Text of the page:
In the Knoxville area, mosquito season begins in May. That isn't to say that you can't get bitten by a mosquito in April or even March but May is when mosquito activity starts to really pick up. Before it does, it is important to take measures to prevent waking or hatching mosquitoes from taking root in your yard. Here's what you need to know.
First of all, what do we mean by "taking root" in your yard? How can mosquitoes take root if they're already in your yard? Well, the mosquitoes that are currently in your yard are going to hatch or wake up with one thing on their mind, that is to look for ideal conditions that will ensure their survival. If your yard doesn't provide what they're looking for, they'll go "take root" in someone else's yard instead of continuing to use your yard as a breeding ground. So, if your yard is a great place for those mosquitoes to settle down and make babies, you can start today to change that.
Some species of mosquito lay eggs before winter and only the eggs survive. In spring, those eggs hatch and the mosquitoes that emerge seek out a blood meal and being laying batches of eggs, 100 at a time! Now is the time to prevent this from happening. You can stop mosquitoes from hatching by inspecting your lawn for stagnant water sources and addressing them. Some examples are:
- Checking for organic debris in your gutter system and removing it. This will allow the water to channel down and away from your home.
- Pick toys up from the yard or shake them off. If you have a kiddie pool, turn it over and leave it bottom side up.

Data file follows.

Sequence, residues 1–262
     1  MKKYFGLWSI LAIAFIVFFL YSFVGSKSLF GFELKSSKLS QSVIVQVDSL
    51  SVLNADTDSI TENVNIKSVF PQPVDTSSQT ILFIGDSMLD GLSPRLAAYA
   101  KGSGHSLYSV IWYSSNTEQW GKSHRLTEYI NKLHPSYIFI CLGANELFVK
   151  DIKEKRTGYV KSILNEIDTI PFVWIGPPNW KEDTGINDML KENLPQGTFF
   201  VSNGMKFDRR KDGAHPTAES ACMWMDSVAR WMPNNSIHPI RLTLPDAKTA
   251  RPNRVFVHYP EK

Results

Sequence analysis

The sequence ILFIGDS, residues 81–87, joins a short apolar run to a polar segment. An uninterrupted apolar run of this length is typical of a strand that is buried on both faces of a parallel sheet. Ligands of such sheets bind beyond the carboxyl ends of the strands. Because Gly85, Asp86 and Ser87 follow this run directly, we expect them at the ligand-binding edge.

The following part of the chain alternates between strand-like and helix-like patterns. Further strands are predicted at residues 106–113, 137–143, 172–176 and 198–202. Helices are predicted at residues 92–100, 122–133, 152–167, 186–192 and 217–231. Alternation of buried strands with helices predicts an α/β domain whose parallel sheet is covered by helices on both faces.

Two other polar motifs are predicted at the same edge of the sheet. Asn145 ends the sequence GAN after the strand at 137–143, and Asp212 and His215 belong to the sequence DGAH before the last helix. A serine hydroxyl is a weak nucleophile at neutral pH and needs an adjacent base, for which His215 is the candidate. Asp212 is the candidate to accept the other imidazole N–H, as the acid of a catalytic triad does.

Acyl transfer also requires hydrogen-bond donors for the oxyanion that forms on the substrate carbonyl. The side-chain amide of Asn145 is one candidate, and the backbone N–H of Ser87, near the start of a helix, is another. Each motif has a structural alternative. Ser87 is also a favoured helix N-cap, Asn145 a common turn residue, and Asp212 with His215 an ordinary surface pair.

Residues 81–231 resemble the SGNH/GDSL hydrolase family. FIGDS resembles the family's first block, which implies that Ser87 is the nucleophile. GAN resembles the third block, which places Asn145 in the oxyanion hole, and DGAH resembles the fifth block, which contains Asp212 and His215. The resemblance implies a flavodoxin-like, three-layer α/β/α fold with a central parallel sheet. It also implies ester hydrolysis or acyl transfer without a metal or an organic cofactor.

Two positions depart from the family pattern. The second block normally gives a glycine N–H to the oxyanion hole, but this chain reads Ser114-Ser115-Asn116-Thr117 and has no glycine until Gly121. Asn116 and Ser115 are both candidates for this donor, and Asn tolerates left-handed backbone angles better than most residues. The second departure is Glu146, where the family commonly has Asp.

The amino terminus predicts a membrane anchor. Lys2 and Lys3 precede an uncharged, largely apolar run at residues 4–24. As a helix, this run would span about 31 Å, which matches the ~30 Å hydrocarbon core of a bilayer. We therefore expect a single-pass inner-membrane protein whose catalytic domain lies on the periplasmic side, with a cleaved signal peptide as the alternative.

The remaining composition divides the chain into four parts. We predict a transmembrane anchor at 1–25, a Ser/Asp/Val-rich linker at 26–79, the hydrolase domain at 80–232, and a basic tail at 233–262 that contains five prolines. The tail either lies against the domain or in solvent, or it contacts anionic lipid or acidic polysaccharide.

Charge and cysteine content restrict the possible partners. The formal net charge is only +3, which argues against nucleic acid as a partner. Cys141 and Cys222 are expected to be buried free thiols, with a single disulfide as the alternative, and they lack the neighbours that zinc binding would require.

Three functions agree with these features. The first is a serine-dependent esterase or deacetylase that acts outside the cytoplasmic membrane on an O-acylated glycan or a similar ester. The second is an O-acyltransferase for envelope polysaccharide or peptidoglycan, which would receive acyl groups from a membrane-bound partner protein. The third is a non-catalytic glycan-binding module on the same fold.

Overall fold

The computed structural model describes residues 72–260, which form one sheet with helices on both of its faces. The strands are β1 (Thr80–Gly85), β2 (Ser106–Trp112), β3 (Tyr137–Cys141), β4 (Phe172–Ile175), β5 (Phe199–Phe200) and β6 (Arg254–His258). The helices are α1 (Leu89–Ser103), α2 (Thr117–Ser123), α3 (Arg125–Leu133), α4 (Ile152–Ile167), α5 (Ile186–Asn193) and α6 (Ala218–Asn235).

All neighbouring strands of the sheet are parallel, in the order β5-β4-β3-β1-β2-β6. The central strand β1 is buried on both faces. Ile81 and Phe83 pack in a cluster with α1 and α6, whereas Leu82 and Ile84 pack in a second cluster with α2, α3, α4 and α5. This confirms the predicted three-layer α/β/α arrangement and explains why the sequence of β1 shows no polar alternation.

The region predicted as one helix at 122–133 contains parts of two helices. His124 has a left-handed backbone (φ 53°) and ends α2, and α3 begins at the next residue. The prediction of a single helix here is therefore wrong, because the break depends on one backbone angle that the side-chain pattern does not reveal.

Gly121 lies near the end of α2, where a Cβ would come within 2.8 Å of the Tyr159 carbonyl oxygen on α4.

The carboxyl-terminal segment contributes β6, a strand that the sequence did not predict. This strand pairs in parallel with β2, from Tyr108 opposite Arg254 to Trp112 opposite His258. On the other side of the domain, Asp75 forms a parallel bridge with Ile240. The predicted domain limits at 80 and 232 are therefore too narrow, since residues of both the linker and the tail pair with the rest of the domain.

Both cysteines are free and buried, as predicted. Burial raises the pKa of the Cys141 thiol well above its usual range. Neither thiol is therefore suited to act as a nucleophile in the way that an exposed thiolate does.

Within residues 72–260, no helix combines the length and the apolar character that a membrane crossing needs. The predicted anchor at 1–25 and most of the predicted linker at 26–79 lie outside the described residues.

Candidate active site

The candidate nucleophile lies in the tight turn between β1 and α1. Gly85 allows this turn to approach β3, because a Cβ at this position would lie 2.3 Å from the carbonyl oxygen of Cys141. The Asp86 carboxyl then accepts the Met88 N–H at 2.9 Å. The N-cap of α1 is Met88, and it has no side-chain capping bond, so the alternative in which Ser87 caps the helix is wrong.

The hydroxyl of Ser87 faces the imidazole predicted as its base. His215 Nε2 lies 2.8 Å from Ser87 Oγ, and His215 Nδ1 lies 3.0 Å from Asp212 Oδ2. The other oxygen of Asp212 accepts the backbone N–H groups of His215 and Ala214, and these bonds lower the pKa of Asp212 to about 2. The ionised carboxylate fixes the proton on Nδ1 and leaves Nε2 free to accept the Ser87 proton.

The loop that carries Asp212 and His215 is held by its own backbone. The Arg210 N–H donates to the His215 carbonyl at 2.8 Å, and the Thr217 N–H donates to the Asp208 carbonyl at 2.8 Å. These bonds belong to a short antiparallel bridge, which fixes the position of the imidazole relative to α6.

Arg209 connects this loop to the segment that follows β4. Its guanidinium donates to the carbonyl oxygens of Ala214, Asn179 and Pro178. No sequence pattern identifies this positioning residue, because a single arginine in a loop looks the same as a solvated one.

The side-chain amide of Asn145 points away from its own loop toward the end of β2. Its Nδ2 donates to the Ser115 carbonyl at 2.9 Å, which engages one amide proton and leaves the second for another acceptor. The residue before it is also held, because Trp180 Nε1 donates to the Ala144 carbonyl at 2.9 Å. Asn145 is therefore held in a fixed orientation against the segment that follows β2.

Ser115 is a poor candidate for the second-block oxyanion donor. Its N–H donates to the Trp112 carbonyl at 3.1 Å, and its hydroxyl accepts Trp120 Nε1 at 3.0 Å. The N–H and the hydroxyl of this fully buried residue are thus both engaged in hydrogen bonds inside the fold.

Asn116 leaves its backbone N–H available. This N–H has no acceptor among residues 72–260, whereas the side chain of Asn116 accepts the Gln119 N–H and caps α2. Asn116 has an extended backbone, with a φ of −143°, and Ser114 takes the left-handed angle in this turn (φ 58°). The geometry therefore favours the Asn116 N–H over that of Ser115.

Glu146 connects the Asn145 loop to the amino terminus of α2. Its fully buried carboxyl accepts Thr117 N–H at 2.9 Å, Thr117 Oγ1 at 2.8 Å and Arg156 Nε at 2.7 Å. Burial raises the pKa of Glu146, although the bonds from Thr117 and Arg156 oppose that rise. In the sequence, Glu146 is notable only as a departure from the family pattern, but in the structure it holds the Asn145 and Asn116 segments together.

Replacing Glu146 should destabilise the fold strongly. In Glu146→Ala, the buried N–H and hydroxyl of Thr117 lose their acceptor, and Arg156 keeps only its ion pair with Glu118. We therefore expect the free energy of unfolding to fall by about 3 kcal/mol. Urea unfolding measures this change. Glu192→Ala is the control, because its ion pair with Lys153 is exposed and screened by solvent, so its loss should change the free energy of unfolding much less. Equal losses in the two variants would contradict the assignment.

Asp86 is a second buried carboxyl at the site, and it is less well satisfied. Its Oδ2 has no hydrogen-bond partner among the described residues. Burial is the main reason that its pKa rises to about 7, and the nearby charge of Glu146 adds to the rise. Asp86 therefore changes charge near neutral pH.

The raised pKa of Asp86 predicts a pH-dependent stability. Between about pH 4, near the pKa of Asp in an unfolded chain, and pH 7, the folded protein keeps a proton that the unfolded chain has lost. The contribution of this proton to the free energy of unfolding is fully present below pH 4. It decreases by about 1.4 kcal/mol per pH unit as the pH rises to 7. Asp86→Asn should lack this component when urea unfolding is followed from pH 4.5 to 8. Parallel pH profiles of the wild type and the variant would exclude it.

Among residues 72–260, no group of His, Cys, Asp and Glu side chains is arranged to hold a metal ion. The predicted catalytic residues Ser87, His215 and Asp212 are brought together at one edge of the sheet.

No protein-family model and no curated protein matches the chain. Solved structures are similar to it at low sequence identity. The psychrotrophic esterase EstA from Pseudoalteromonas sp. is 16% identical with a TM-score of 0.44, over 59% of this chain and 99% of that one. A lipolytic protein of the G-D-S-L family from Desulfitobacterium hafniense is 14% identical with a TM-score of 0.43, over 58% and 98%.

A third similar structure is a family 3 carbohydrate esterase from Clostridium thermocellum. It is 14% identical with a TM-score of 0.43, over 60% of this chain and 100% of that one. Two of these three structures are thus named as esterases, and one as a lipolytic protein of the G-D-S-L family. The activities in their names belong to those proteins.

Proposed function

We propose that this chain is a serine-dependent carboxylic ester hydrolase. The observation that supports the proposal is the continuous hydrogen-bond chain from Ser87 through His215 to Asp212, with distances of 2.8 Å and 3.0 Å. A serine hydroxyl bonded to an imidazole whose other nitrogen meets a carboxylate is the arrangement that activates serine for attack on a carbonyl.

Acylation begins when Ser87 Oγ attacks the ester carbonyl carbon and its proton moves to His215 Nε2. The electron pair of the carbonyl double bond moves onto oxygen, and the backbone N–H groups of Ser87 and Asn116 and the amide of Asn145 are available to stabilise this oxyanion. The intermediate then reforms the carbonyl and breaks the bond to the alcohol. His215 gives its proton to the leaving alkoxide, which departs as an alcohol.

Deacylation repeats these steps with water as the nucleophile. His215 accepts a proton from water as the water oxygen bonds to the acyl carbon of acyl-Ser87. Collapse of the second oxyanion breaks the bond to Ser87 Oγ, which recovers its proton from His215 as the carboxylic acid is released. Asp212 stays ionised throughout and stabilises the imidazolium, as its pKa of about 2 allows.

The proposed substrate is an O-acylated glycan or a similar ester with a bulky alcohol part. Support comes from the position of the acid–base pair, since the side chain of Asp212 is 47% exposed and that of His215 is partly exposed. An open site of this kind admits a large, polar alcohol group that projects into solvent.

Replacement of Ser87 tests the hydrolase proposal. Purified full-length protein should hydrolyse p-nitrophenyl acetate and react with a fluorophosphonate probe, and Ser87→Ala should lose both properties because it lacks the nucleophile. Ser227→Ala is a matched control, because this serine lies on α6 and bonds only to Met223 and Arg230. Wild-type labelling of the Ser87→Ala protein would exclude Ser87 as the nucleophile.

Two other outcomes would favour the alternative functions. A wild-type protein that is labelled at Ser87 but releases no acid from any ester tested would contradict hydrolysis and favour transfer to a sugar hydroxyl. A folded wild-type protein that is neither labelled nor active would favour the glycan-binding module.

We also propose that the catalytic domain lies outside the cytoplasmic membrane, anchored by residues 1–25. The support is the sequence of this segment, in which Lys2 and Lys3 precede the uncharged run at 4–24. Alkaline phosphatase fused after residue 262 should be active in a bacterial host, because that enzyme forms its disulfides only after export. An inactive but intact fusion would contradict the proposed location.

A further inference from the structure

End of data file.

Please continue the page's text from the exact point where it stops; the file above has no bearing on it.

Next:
- Pour out any objects that have collected rainwater.
Along with the direct emptying of stagnant water sources in your yard, it is a good idea to take the time to make changes that will prevent water accumulation all year long. Here are a few ways you can do this:
- For objects like a bird bath, consider adding a circulator pump to keep the water moving or add some fish to gobble up developing mosquitoes.
- For objects like a tire swing, poke a hole in the bottom to allow drainage.
- For holes in your yard that create stagnant puddles, fill them in. If you have a wildlife problem, such as a groundhog or mole creating holes in your yard, reach out to a licensed pest control company that offers wildlife control.
Some species of mosquito are able to survive the winter by lying dormant. When you empty stagnant water, you are not going to address these mosquitoes. But you can have an impact on them by keeping your landscaping as dry as possible.
- As you are tending to the plants around your home, consider creating space between them. This will allow the wind to move through your landscaping and dry the topsoil after you water your plants.
- Plant some mosquito-resistant plants. When mosquitoes wake up and find lemongrass, citronella, basil, marigold, lavender, or some other undesirable plant, it could drive them to choose your neighbor's landscaping to hide in and breed in.
- Removing plants can have a big impact on mosquito populations. Mosquitoes suck the sap from plants to get carbohydrates. A yard filled with plants will be a mosquito paradise. Fewer plants will give waking mosquitoes fewer reasons to stick around.
All Mosquitoes in Your Yard
You can address all the mosquitoes currently in your yard and mosquitoes that will venture into your yard this spring by investing in seasonal mosquito service. When you have routine treatments to your landscaping and other key locations where mosquitoes hide, your yard becomes a giant mosquito trap. This is the most effective way to reduce mosquitoes in spring and all year long. If you're ready to take the leap and see what a powerful difference mosquito service can make, reach out to us. Russell's Pest Control provides industry-leading pest control to Knoxville and the surrounding area. We'll give your yard exactly what it needs to eliminate mosquitoes and keep them away throughout the mosquito season.
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